“Among its other provisions, the Convention also guarantees the right of a member state’s air, surface, and submarine forces to transit the high seas, EEZs, international straits, and archipelagic sea routes, and permits warships to board vessels reasonably suspected of being involved in piracy.6 By ratifying the Treaty, the US would be better able to protect the Navy’s ability to navigate freely the oceans and fulfill its missions. The Navy, therefore, strongly supports ratification. In his statement before the Senate Foreign Relations Committee in October of 2007, Former Chief of Naval Operations Admiral Vern Clark stated, “Joining the Convention now will support and enhance ongoing U.S. military operations, including the continued prosecution of the global war on terrorism. It will enable our armed forces to defend us at home and abroad with legal certainty. It will provide a stable and predictable legal regime within which to conduct our operations today, and realize our vision for the future.”7”

I. US Navy needs navigation rights in order to object to interference from coastal states

David J. Bederman. January 18, 2008. Professor of Law at Emory University AB, Princeton University, MSc, London School of Economics, JD, University of Virginia, Diploma, The Hague Academy of International Law, PhD, University of London. Harvard International Law Journal “The Old Isolationism and the New Law of the Sea: Reflections on Advice and Consent for UNCLOS” http://meetings.abanet.org/webupload/commupload/IC965000/relatedresources/49_Online_Bederman_1_18_08.pdf [CR]

“And this expression of the national interest has been the precise locus of the isolationist backlash against UNCLOS. Treaty opponents have been unable to mount a serious challenge to the underlying substantive policy goals in favor of ratification of the Convention by the United States. The ability of the U.S. Navy to project power, under its Freedom of Navigation (FON) program as part of UNCLOS,9 has received a lot of negative attention of late, as coastal states (especially archipelagic nations and those bordering strategic straits)10 have renewed attempts to limit access by constraining the doctrines of innocent and transit passage under UNCLOS. Treaty opponents have cleverly argued that there is no need for the U.S. to ratify UNCLOS because all of its FON provisions are already reflected in customary international law (CIL). The problem – as recognized by the Pentagon – is that CIL formulations for FON are largely derived from the state practice following the 1958 Geneva Conventions (to which the U.S. is a party).11 It is not a credible international legal position, however, to rely on CIL frozen-in-time nearly a half-century ago. In order for the U.S. to effectively object to improper impositions of navigation interferences by coastal states, there must be a baseline (both literally and figuratively)12 of state behavior – and that standard is UNCLOS.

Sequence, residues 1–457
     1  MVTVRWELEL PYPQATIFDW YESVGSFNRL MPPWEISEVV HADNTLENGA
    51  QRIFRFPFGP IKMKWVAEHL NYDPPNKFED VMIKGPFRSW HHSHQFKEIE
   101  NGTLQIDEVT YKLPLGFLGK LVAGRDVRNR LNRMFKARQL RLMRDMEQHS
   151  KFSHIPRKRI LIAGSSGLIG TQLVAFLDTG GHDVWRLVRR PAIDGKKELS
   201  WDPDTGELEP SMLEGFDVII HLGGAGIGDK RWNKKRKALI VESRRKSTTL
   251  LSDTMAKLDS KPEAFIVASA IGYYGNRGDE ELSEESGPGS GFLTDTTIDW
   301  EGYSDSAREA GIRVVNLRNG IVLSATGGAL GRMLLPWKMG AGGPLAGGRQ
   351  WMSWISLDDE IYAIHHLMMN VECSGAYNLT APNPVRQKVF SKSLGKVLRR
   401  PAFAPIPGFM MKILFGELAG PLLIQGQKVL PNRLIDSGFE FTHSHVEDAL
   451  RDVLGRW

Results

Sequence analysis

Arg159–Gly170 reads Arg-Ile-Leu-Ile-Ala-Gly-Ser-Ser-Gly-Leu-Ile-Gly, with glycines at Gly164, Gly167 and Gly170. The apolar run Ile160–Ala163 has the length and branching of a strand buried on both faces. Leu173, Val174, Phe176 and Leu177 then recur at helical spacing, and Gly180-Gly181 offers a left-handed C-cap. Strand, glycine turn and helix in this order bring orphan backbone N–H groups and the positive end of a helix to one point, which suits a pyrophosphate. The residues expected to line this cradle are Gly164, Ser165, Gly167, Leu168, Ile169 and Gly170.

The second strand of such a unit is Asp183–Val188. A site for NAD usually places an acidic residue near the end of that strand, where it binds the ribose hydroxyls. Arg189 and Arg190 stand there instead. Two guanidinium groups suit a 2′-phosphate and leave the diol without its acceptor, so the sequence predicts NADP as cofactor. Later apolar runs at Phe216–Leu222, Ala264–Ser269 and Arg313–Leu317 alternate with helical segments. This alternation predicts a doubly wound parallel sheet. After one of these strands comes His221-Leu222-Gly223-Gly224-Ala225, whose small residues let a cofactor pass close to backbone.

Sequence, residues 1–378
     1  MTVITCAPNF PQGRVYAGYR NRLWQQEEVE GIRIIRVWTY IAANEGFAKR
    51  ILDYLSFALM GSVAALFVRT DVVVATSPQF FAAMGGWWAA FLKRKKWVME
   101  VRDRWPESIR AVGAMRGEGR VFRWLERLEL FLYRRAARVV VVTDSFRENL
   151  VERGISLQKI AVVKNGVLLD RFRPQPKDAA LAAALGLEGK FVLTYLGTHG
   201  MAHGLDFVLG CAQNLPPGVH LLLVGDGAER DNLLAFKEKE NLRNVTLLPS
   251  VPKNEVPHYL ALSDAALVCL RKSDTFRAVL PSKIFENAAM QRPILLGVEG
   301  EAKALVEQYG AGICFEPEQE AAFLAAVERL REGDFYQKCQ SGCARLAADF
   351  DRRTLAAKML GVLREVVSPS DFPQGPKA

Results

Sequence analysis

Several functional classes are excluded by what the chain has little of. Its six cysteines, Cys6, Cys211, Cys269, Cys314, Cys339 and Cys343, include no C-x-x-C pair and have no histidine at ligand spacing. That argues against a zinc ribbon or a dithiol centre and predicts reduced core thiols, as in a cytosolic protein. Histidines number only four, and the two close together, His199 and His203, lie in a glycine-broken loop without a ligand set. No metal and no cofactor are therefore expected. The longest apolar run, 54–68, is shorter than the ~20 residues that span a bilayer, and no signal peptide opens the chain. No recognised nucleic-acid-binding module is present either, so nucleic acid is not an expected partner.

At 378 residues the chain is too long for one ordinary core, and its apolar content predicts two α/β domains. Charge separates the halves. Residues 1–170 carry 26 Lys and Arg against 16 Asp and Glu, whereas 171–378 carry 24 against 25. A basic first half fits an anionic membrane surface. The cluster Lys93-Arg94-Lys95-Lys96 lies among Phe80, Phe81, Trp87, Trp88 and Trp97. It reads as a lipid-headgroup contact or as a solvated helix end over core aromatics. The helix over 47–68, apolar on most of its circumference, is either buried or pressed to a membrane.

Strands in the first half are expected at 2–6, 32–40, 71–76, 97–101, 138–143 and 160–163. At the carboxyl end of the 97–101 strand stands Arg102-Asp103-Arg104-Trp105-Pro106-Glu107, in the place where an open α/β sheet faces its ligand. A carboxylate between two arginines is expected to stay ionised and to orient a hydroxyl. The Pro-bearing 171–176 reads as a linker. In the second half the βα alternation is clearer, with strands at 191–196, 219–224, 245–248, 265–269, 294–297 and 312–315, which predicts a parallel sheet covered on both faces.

Justification 4: National Sovereignty

A. Increased US sovereignty

Scott G. Borgerson, May 2009. visiting fellow for ocean governance at the Council on Foreign Relations (CFR). Fmr. Assistant professor at the U.S. Coast Guard Academy. U.S. Merchant Marine officer master’s license, a board member of the Institute for Global Maritime Studies. BS w/ high honors @ U.S. Coast Guard Academy. MALD and PhD in international relations, @ Fletcher School of Law and Diplomacy at Tufts University. “The National Interest and the Law of the Sea” Council on Foreign Relations Downloaded at: http://www.globalsolutions.org/issues/unclos [CR]

“The majority view of the SFRC and the opinion of every major ocean constituency group is that joining the convention is in America’s foreign policy interests. Debating the merits of internationalism versus unilateralism is a great U.S. tradition, but the irony is that the convention actually allows for an expansion of U.S. sovereignty: freedom of movement for a powerful navy; a legal tool for U.S. forces to combat scourges at sea, such as piracy, drug trafficking, and human smuggling; and a process for extending U.S. jurisdiction over a vast amount of ocean space equal to half the size of the Louisiana Purchase.”

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3 Responses to ‘Case of the Week’ 5: UNCLOS

  1. Joseph Samelson says:

    How in the name of all things bright and beautiful is this topical?

    • Andrew says:

      It’s not. At all.

    • cogdebate says:

      Topicality is… disputable, to put it lightly. UNCLOS honestly doesn’t have much to do with Russia specifically, but there are lots of Russia-related reasons to adopt it.

      Here’s how I’d try to defend topicality if I were forced to:

      “1. The key word here is “towards”. That’s a very vague word, and the resolution says “reform its policy towards Russia”, not “reform a policy that is *only* towards Russia.” The wording doesn’t require cases to be *exclusively* towards Russia, as long as they’re towards Russia.

      2. In general, the concept of the United States ratifying UNCLOS isn’t specifically Russia-related. However, we’re not debating the general concept of ratifying UNCLOS; we’re debating the policy of ratifying UNCLOS *right now*. The final card in the 1AC, under Urgency, is tagged “Must ratify UNCLOS to stop Russian seizure of the Arctic.” There are lots of reasons why we should ratify UNCLOS; however, the reason for ratifying UNCLOS *right now* is very specific to Russia. Hence, it is a policy towards Russia.”

      — Daniel